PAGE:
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The Indomitable Human Spirit
Public art can play such an important role in our lives, raising our spirits, making us laugh, bringing out the best in us, reminding us of who we are and the values we share, and sometimes art has this effect on us even when we don’t know the entire story. Here are a few stories of artworks in Slovakia and Poland that attest to the indomitable human spirit and make us laugh.
In the early 20th century there was a poor man, Ignác Lamár (nicknamed Schöne Náci), who was inspired by his grandfather a famous clown, to bring happiness to others. He experienced existential difficulties and great sorrows during his life, his younger lame brother was admitted to an institute and he lived alone since a child, and had to support himself. He found modest work in a theater, and later as a cleaner, but his desire was to give others joy, humor, love and laughter. He could often be found in one of the town’s many cafes, where citizens would buy him a pastry or coffee. For forty years he walked around the town in threadbare top hat and tails, bowing courteously, greeting women with the old fashioned greeting, “I kiss your hand” in German, Hungarian and Slovak, and handing them a flower. His life size statue (by Juraj Meliš, 1997) stands on Rybarska street between the main square and the opera, and he is raising his hat and beaming a greeting to all who walk by.
In 1805, Napoleon’s army besieged Bratislava (then known as Pressburg) without success. It attacked again in 1809, this time successfully, and Napoleon marched into the town. There is a legend about a wounded French soldier called Hubert who fell in love with a nurse from Bratislava, decided to settle there, and to produce a sparkling wine based on the French tradition. The Hubert company, dating from that time, now produces the most famous sparkling wine in Slovakia. Perhaps the Napoleonic soldier leaning on a bench on the Main Square (Hlavne namestie) is none other than Hubert?
At the corner of Panska and Rybarska brana streets, close to the main square (Hlavne namestie) is the bronze head and shoulders of Čumil (The Watcher by Viktor Hulik, 1997) emerging from a manhole. He seems to have come up from the darkness underground and become so entranced by the life he sees on the street that he just leans on the paving, rests his chin on his hands, and smiles a beatific smile. Is it fanciful to imagine this as a metaphor for the people returning to freedom, after being released from the darkness of the communist rule?
Wrocław (Breslau), Poland
Scattered throughout Breslau is a large population of bronze gnomes. They live their lives in full view but mostly overlooked because of their small stature (about 6 inches) and inconspicuous location. Guard with a standard (above left) keeps watch over the main square from an unobtrusive building niche.
Pigeon Keeper (above middle) has climbed on the back of a pigeon perched on a windowsill, as if ready to fly to spread the word if trouble erupts.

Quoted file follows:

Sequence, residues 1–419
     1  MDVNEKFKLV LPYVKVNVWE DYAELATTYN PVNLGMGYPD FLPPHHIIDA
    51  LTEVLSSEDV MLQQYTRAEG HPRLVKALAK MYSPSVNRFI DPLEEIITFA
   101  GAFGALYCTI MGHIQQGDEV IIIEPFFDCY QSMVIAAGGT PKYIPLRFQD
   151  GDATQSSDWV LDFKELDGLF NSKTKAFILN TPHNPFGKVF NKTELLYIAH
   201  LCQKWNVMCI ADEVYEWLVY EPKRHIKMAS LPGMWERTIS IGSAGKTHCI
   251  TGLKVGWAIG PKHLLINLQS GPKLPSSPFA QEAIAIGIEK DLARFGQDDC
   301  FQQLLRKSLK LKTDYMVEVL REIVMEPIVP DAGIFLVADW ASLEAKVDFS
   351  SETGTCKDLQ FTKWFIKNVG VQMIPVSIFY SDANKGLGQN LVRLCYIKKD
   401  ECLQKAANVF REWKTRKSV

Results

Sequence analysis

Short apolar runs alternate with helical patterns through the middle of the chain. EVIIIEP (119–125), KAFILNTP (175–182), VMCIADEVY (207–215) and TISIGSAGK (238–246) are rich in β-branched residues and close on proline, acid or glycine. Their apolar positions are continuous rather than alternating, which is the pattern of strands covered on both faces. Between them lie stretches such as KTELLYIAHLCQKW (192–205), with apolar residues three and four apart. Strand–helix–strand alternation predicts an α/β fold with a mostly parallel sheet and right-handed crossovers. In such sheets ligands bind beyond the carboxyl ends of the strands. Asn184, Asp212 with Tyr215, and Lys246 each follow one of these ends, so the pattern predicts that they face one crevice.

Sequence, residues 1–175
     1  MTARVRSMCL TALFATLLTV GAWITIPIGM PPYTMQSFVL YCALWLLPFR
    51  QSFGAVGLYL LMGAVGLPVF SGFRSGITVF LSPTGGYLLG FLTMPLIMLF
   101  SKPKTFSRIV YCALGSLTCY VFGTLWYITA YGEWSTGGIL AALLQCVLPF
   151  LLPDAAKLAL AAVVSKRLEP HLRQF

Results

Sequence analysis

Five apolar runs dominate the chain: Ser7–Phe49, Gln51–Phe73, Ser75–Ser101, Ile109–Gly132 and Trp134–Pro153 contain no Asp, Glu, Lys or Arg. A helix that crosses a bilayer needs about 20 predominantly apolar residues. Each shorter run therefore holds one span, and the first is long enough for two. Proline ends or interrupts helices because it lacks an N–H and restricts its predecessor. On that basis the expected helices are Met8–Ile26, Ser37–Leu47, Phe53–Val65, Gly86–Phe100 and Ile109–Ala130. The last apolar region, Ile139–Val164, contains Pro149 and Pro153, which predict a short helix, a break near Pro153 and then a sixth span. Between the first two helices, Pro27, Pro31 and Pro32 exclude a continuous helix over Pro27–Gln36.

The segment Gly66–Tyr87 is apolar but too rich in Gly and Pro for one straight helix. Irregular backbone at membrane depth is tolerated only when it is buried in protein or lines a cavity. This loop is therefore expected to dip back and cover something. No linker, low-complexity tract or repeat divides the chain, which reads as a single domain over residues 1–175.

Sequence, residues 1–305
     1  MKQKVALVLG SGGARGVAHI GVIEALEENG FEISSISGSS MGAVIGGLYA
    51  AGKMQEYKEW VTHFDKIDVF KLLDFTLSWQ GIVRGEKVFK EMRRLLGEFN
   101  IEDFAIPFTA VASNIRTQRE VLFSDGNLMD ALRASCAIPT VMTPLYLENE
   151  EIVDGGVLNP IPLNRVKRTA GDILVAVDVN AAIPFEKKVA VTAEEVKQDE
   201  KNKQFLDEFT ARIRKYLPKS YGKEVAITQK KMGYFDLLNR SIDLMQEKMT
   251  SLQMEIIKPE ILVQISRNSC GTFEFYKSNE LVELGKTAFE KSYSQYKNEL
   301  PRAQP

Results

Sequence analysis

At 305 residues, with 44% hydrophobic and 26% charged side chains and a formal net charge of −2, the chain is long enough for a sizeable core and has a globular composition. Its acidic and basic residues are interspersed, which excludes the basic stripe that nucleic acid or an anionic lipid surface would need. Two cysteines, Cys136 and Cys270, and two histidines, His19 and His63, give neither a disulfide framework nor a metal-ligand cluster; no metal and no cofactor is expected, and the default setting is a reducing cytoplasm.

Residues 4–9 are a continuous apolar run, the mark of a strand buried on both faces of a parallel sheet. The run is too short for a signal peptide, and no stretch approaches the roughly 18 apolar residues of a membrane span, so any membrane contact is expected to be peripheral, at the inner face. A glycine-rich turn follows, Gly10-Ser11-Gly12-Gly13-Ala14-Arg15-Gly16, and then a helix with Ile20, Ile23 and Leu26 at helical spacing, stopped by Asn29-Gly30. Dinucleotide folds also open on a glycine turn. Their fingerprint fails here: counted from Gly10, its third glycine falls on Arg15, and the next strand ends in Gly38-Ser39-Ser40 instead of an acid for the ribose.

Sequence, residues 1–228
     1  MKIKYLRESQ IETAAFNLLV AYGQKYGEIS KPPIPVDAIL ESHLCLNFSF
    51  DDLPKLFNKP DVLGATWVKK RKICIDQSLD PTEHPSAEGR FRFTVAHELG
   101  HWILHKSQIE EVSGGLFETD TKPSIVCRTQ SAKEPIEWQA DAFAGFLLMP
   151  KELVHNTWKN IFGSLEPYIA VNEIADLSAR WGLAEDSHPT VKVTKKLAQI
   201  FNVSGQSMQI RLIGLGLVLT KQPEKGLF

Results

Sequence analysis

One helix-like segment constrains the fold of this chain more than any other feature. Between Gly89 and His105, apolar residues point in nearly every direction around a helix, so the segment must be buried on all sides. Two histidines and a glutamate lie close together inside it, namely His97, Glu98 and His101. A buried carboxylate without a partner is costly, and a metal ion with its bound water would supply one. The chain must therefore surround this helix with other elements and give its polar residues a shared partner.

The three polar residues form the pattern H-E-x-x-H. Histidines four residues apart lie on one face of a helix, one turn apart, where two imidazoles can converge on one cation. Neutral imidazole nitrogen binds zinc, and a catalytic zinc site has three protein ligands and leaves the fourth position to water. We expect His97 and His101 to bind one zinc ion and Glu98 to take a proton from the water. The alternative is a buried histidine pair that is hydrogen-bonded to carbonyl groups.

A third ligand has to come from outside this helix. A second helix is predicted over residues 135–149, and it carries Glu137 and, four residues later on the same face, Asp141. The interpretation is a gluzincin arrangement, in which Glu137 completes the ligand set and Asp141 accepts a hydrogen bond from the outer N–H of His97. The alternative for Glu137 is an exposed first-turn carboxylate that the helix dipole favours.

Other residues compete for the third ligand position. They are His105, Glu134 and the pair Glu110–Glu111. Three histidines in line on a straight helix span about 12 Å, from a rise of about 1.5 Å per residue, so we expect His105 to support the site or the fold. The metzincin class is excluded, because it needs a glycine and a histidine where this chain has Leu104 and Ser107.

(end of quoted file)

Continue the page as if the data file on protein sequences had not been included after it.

We get a sense of where these gnomes live, because Sleepyhead (above right) can be seen dozing against the wall of the entrance to his underground home, which is guarded by a heavy wooden door.
And we get an idea of some of the tasks these gnomes set themselves. On the pedestrian zone a series of large marble balls mark the plaza’s edge. The two Sisyphers are trying to dislodge one of these balls – one pushing from one side, while the other heaves on the other side.
Gnomes generally lead secret lives, unseen by humans. Why have they emerged into the light of day here in Breslau? Are they the symbol of the ordinary “little” people, those who are not prominent leaders or political figures, who now find it safe to make their presence known, and to take action in the public realm?
This is indeed, their true story. “Under communism gnomes became the absurdist calling card of the 'Orange Alternative' movement – an underground protest movement that used absurdity and nonsense to stage peaceful, yet subversive protests. Led by Waldemar ‘Major’ Fydrych, an artist and art history student at Wrocław University, the Orange Alternative wasn’t interested in political ideology as much as buffoonery. During communism, any anti-establishment graffiti or public art was quickly painted over by the militia; upon seeing fresh daubs of paint, the pranksters of the Orange Alternative painted over them again with...gnomes. From there gnomes became inexorably linked with the Orange Alternative and Wrocław…”
The gnome sculptures began to appear in the 1980s when Tomasz Moczek, a graduate from the Wrocław Academy of Fine Arts, was commissioned by the Wrocław City Council to create five gnomes. Over the years, these became so popular that local businesses commissioned more gnomes by different artists. They are now rumored to number nearly 180. There is even a special, dual-language (Polish and English) website dedicated to Wrocław’s indomitable gnomes.